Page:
It is that time of year again, time for the CUNA Governmental Affairs Conference. Thousands of credit union professionals and volunteers will come to our nation’s capital to hear speakers ranging from television and sports personalities, authors, senators and congressman to federal regulators. They will attend numerous workshops, receptions and have an excellent opportunity to network with their counterparts from across the country.
They will walk up the long flight of steps to the Capitol doors and enter the office of the elected representative from their home districts as they hike the hill. They will have the chance to look at the photographs hanging in the reception area along with the artifacts that identify the state of the elected official. Then they will be escorted into the inner chamber, the private office, where they will have a short period of time to make their case. A few minutes to explain who they are and why they are there.
In recent years, the conversation has focused on increased member business lending and alternative capital. Two important issues that credit unions should be afforded. Two important issues that thousands of hours of blood, sweat and tears have been expended in an effort to put together the vote to get it done. Two important issues that have not been realized in spite of the efforts made.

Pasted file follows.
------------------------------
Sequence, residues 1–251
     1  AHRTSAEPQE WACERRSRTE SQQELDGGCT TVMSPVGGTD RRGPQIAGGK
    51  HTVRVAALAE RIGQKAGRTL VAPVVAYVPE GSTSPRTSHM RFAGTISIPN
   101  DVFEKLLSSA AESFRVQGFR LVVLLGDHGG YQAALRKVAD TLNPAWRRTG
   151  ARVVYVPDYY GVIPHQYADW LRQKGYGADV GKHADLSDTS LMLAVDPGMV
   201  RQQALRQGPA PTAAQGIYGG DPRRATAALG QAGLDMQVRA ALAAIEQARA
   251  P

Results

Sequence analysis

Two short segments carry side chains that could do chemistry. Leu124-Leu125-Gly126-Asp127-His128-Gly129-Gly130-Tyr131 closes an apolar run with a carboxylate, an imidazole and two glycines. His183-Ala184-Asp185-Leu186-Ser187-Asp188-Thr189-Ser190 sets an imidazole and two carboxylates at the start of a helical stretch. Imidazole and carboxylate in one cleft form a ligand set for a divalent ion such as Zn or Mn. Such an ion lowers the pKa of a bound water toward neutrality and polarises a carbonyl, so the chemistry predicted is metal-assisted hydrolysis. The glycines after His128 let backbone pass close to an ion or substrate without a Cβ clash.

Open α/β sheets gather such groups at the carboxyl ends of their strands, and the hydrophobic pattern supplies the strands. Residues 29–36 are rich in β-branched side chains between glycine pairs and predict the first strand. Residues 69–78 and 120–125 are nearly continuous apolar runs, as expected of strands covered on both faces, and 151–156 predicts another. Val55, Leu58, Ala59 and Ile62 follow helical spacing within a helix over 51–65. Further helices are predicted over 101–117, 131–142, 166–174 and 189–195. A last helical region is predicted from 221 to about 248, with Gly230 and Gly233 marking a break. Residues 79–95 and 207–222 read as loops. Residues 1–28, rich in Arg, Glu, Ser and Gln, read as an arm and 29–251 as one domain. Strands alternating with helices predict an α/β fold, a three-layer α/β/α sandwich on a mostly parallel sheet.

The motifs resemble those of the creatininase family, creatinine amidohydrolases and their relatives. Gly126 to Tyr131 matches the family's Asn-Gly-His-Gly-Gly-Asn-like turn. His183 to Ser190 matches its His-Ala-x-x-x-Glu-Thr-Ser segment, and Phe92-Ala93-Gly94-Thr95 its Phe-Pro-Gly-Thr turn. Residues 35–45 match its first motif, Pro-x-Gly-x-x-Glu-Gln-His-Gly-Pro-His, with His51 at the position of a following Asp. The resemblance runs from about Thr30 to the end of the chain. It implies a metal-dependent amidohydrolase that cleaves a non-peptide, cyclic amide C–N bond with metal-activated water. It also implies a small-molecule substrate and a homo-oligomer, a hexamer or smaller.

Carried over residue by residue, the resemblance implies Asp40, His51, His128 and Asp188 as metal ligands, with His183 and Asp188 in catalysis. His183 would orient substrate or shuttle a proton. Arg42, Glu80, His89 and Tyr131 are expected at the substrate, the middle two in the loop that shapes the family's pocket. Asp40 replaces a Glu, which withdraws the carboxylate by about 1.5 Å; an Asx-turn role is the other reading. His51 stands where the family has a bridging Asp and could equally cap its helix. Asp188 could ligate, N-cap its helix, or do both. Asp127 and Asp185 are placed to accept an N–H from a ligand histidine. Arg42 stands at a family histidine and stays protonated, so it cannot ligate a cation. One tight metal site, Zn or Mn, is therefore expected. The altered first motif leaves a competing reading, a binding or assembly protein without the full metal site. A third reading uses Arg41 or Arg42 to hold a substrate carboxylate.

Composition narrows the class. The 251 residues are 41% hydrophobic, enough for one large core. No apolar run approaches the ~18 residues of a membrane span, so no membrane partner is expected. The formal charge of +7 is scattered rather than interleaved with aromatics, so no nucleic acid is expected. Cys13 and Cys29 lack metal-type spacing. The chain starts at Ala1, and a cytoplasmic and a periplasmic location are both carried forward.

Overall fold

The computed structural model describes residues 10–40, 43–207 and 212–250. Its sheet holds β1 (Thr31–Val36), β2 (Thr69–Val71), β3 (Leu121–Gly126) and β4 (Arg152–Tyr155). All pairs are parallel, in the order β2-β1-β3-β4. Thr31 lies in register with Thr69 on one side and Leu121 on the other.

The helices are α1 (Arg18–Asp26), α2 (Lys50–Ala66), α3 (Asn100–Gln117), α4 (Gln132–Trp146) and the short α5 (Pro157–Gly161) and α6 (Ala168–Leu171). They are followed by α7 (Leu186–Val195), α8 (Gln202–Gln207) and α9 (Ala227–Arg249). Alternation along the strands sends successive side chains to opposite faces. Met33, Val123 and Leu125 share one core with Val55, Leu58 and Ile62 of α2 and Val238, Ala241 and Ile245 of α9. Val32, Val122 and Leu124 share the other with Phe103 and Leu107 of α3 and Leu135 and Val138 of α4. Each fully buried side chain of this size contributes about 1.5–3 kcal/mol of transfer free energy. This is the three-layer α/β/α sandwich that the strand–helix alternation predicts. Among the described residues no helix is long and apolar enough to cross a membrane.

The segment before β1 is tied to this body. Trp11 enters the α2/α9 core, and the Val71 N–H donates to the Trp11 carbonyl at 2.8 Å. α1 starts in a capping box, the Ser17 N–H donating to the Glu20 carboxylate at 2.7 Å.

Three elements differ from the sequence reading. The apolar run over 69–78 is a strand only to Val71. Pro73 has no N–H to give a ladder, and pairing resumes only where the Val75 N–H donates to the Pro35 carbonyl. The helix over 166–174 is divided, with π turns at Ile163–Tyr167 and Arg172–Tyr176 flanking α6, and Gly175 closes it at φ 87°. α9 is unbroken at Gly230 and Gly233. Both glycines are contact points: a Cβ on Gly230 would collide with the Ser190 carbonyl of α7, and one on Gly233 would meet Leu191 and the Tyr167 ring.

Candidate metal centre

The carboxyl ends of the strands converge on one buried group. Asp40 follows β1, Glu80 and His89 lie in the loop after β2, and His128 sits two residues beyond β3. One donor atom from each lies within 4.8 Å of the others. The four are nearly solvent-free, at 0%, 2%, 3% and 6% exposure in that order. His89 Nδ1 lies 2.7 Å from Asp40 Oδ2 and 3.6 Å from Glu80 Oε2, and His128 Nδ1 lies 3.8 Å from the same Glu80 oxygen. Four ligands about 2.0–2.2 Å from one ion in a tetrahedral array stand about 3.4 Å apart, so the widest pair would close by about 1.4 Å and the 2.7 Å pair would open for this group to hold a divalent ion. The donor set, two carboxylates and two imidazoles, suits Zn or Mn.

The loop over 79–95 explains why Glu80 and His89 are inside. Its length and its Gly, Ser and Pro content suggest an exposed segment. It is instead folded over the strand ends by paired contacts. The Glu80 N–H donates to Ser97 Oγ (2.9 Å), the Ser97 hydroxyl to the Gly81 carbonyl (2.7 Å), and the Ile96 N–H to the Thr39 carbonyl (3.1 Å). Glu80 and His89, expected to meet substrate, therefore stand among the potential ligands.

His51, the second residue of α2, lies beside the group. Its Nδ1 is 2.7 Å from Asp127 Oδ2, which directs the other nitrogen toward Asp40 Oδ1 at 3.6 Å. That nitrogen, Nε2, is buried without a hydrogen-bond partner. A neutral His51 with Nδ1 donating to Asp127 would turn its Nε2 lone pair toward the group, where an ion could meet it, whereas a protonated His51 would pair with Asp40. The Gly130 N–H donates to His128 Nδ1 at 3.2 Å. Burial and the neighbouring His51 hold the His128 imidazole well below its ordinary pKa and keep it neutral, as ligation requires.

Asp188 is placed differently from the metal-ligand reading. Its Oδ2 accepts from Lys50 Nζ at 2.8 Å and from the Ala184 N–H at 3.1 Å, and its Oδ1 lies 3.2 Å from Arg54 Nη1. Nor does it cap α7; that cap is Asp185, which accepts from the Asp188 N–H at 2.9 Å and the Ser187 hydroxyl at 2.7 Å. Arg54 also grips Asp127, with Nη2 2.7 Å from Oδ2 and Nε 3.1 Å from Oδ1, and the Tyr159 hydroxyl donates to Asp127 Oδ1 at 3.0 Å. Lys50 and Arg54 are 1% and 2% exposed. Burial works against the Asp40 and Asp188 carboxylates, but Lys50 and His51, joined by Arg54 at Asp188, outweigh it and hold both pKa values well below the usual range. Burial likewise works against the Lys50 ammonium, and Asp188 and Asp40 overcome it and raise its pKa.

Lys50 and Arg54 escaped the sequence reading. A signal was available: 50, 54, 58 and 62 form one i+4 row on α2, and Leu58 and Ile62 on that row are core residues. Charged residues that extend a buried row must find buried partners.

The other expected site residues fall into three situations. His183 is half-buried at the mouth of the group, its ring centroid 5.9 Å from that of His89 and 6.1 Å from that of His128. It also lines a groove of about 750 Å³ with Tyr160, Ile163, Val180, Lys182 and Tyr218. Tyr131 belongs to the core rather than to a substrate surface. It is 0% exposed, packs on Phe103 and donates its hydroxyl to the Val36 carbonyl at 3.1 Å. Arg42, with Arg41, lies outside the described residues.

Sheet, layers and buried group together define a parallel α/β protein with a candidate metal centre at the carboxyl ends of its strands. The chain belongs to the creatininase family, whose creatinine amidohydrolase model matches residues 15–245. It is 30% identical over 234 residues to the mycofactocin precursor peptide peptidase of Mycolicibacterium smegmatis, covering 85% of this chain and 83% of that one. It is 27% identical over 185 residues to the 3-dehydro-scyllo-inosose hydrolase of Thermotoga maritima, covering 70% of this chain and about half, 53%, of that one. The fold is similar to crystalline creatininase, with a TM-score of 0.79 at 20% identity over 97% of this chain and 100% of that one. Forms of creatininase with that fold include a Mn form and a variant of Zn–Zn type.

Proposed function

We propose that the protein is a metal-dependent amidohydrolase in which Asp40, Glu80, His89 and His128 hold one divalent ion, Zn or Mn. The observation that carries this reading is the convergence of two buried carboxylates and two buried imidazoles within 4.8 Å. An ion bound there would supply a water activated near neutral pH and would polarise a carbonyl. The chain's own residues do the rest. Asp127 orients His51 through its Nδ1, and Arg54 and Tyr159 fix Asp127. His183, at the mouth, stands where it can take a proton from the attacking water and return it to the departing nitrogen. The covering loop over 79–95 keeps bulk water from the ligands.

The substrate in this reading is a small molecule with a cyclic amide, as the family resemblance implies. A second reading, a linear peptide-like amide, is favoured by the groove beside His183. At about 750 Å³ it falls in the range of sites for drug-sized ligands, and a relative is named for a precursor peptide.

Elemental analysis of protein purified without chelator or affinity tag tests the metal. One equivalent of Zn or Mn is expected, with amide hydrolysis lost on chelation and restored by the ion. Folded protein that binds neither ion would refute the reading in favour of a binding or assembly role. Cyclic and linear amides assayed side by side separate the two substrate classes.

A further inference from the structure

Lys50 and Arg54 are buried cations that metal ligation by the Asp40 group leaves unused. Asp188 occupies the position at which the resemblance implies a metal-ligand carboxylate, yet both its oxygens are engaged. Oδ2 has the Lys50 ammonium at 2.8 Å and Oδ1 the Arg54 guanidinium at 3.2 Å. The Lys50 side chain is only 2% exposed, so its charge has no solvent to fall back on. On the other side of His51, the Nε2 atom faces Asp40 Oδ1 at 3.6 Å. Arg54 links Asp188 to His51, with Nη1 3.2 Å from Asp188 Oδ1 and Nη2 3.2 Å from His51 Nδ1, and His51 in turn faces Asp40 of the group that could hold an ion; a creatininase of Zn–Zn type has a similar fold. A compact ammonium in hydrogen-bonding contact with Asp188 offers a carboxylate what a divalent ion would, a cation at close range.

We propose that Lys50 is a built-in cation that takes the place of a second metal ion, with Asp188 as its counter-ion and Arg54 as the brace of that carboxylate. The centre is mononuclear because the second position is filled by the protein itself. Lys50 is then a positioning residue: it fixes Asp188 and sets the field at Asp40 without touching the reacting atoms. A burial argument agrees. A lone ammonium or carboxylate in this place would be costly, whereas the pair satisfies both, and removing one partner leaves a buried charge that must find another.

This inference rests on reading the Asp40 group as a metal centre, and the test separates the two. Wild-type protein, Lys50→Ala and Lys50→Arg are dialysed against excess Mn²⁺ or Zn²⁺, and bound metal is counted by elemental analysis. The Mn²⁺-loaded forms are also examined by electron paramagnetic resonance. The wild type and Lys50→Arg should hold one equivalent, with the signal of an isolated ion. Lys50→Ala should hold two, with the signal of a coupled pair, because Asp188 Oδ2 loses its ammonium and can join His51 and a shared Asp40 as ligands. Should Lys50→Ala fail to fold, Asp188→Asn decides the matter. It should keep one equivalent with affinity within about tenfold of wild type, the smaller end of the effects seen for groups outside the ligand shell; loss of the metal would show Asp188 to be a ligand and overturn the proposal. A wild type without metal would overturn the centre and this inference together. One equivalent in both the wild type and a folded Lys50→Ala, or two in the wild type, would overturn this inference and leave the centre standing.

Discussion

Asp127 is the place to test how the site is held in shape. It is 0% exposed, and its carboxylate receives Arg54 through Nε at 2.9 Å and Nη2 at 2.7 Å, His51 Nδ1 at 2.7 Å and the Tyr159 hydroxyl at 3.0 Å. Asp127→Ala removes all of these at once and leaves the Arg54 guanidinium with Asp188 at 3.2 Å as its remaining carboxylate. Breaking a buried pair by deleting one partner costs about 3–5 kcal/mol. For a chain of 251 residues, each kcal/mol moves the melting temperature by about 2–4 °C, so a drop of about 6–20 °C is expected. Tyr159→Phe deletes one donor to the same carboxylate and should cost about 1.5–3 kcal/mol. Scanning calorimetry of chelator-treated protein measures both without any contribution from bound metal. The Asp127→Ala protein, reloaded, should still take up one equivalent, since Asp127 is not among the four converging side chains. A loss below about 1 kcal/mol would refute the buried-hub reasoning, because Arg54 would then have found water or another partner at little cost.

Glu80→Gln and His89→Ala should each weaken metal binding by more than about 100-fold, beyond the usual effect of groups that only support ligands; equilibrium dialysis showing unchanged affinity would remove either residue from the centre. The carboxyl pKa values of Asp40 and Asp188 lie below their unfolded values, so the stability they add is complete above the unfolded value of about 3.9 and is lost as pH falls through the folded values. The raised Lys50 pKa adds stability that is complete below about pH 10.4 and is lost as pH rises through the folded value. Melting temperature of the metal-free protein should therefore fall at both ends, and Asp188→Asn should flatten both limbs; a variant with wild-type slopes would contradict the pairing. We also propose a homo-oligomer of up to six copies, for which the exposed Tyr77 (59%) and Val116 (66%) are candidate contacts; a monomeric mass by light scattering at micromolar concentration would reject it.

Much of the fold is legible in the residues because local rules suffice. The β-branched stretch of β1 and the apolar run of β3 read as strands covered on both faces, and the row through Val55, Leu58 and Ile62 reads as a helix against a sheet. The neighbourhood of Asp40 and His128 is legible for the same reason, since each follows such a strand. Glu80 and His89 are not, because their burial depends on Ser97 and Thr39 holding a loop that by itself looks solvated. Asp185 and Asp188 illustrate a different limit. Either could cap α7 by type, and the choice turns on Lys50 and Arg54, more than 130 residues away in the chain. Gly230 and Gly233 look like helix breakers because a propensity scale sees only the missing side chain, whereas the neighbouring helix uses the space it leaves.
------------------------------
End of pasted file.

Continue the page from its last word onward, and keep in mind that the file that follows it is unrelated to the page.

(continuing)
So while these two ideas remain good ones and achievable sometime in the future, they perhaps are not the ones that should be the main focus of the time spent with the elected officials.
What may be a better use of the personal meeting this year would be to re-educate, reacquaint, and reintroduce to the members of the House and the Senate what credit unions are all about. The message is that credit unions provided financial help and education in areas where other financial institutions do not. Credit unions support businesses in communities across the country by loaning them money to grow and provide jobs. They are not owned by shareholders of corporations. Rather, they are owned by their members, the people who save with them and whose homes they mortgage, care they finance and loans they provide to send their children to college. They are neighborhood financial institutions that represent and serve the people who live, work and worship in those neighborhoods. Credit unions care for those people and they care for our country.
This week as thousands of credit union professionals and volunteers meet in Washington to interact with one another on how to continue to provide needed financial resources to over 94 million Americans from Maine to Michigan to Hawaii. Credit unions have a sound message to share and reintroducing credit unions to House and Senate members is an idea to focus on.
This may also be a time to ask Congress to remember credit unions and the job they do as they work to make our country strong again. The credit union system is not broken as some bloggers would claim it to be. The message is there and very much alive.
I look forward to seeing you at this year’s GAC.
Michael E. Fryzel